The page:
• Conditional forwarder
    • DNS server configured to forward DNS queries, according to the DNS domain name in the query, to the authoritative DNS server.
    • Helps to keep traffic generated by name requests to a minimum by limiting the number of DNS servers that have to connect to the Internet and other external networks.
  • LLMNR (Link-local multicast name resolution)
    • Provides host name resolution on the local subnet for IPv4 and IPv6 addresses.
  • GNZ (Global Names Zone)
    • Provides single-name resolution throughout the network, across forest boundaries.
    • DNS records in a GNZ must be entered manually.
  • HOST file
    • Stored on a local computer.
    • Contains a list of host names and IP addresses.
    • Used for host-name resolution.
    • The client first checks the local DNS cache (the Hosts file is loaded here), before querying the DNS server.
  • Block name resolution for a computer on DNS
    • Configure a global query block list 
    • All domain controllers must run Windows Server 2008 R2

 
Remote Access
  • Remote Desktop Gateway (RD Gateway)
    • Formerly known as Terminal Services
    • Provides Remote Desktop Services for authorized clients with access to internal resources.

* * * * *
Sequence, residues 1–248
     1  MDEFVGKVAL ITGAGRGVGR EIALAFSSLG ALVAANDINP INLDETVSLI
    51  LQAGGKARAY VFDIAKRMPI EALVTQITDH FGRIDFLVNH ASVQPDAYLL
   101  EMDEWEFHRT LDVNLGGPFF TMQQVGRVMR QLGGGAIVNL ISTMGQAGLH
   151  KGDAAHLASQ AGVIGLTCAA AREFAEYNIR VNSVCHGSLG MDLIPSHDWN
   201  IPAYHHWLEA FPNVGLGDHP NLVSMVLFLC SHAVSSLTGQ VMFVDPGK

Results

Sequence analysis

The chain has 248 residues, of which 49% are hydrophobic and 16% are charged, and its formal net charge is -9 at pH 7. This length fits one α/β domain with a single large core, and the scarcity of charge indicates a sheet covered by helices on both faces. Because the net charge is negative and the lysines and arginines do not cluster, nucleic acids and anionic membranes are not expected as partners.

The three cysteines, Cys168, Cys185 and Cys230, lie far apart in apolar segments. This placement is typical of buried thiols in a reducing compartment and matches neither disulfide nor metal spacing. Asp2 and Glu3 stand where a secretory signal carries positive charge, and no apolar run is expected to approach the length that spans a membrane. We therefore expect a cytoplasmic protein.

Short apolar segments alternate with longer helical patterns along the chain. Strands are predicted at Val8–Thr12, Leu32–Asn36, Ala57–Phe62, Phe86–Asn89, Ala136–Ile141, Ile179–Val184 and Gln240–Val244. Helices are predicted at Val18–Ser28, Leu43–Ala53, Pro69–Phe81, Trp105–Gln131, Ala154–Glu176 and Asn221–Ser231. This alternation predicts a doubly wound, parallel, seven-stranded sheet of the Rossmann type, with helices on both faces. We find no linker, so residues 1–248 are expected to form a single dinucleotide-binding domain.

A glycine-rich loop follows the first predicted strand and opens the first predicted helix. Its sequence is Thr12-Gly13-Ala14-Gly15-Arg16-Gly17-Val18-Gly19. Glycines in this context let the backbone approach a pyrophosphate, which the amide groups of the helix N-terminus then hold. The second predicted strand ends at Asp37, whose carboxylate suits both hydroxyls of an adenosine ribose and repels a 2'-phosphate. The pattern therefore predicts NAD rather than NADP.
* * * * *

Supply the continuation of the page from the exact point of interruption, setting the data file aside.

• RD Gateway uses Transport Layer Security (TLS) to encrypt communications.
    • RD Gateway uses Remote Desktop Protocol (RDP) over HTTPS to establish a secure, encrypted connection between remote users on the Internet and internal resources. You should get user certificates from the internal certificate authority and every server must be configured for Network Level Authentication to only allow Remote Desktop client computers access.
    • When the Remote Desktop session is active, RD locks the target computer to prevent interactive logons for the session.
    • Use Remote Desktop Services CAP (Connection Authorization Policy) to identify user or computer groups to secure access to the server resources.